Stephen Pidgeon: Love your legacy supporters to death

Charities must understand the potential lifetime value of their supporters and stop bleeding them for every penny they can give, writes our columnist

Stephen Pidgeon
Stephen Pidgeon

I'm going to share some figures that should completely revolutionise your fundraising from minor donors. They come from the Royal British Legion and I am very grateful to Guy Upward, direct marketing manager at the charity, and his team for allowing me to publish them. I believe that if fundraisers took such figures seriously, and if financial directors and trustees understood their implications, then substantial funds would be redirected towards old-fashioned direct marketing recruitment followed by diligent, loving stewardship. Why? Because such strategies recruit and nurture supporters who are in their late 50s or older – the prime target for legacy marketing.

The numbers below are legacies left by Royal British Legion supporters, plus their value, by the year of their recruitment to the database. They were all recruited by direct mail, door-drops and inserts. Just 12 years of recruitment has already yielded an income of £14m from legacies. That's in addition to valuable lifetime giving – and, of course, it is just a drop in the ocean of the legacy money that will come over the next 20 or 30 years from others recruited at the same time. I assume, of course, that the charity will continue its excellent stewardship programme, including asking for legacies at the right moment.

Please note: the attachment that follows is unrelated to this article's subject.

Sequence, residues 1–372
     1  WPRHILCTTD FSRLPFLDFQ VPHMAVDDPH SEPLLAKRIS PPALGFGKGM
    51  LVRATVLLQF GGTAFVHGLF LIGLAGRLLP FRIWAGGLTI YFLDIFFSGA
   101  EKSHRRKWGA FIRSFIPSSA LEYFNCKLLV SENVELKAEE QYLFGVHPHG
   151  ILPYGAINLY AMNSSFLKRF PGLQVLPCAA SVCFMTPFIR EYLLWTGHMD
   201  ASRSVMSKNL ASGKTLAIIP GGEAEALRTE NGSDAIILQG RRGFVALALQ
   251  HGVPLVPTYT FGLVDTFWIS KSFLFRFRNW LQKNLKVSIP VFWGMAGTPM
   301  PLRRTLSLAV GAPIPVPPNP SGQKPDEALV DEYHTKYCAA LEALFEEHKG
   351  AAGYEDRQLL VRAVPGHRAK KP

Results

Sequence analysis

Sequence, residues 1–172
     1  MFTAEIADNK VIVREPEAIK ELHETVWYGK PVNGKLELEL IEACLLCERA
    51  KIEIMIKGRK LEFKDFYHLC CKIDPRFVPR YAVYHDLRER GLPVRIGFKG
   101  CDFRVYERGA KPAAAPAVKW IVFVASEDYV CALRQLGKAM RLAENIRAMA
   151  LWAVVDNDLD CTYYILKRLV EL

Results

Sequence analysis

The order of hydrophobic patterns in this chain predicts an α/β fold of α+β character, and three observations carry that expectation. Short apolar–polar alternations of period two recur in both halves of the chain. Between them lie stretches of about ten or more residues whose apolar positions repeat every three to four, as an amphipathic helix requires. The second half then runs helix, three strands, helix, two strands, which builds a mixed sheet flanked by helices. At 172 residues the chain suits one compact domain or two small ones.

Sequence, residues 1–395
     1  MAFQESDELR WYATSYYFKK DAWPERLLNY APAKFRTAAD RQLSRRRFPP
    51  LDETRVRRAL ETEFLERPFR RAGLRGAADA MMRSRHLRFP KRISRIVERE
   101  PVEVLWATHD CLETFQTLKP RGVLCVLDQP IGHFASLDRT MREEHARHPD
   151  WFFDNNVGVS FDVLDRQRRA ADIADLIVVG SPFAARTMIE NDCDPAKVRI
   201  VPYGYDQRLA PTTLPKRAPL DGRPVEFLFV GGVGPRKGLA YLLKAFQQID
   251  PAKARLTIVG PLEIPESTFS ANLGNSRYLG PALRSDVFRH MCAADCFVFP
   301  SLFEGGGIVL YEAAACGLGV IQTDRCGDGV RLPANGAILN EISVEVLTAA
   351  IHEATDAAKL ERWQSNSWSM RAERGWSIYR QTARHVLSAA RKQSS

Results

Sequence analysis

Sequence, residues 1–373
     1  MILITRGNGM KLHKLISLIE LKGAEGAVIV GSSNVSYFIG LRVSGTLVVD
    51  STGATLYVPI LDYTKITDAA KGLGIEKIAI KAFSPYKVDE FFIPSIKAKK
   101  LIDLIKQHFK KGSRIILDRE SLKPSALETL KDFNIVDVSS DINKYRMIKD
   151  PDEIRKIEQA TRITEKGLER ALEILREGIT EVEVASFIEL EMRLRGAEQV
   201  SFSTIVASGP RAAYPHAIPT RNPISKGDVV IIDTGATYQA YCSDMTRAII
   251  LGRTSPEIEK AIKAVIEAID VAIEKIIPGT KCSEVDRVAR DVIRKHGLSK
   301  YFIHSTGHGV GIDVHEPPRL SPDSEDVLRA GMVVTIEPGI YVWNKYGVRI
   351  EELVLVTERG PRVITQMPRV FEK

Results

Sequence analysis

Year Supporters Legacy value
2002 174 £3,248,899
2003 144 £1,454,008
2004 152 £2,260,210
2005 131 £2,219,724
2006 58 £716,993
2007 43 £555,745
2008 70 £914,379
2009 77 £1,110,062
2010 37 £332,583
2011 20 £212,166
2012 11 £942,772
2014 1 £1,000

Upward's view is deliciously understated: "I always look at the return on investment when reviewing new supporters generated from cold. I obviously need to look at these figures too, because nearly £14m in 'incremental sales' in such a short period is not too bad, is it?"

Do the analysis – I challenge you. It is dead easy; you're mad if you don't. Plot these figures on a graph and you'll find the trajectory is exponential. Trustees and financial folk in charities should be aware of the new sources of legacy income. They have always assumed, and most chief executives know no better, that legacy money comes from the legacy fairies. Less and less will come this way as every charity, every university, orchestra and theatre company in the UK starts to ask for gifts in supporters' wills.

Trustees have to understand three things: the potential lifetime value of new supporters including their legacy gifts, the importance of recruiting older supporters and the fact that, once you have them, you have to (literally) love them to death. Which, in a shameless piece of self-publicity, is the title of my new book, out in January under the DSC label.

Money has to be invested in caring for supporters, and we must stop bleeding them for every penny they can give, then losing them because they resent being treated this way. We all know the money they give in their lifetimes is a fraction of what they will be pleased to give in their wills when they die.

Very few trustee boards plan more than a year ahead. Most of those boasting five-year strategies are simply bunching a series of one-year strategies together to make it look like they are doing a good job. They're not. How many have ever asked for a clear recruitment and stewardship strategy to target legacy income 30 years ahead? You won't get that return on investment by spending money on new media and the internet.

Stephen Pidgeon is a consultant and a teacher

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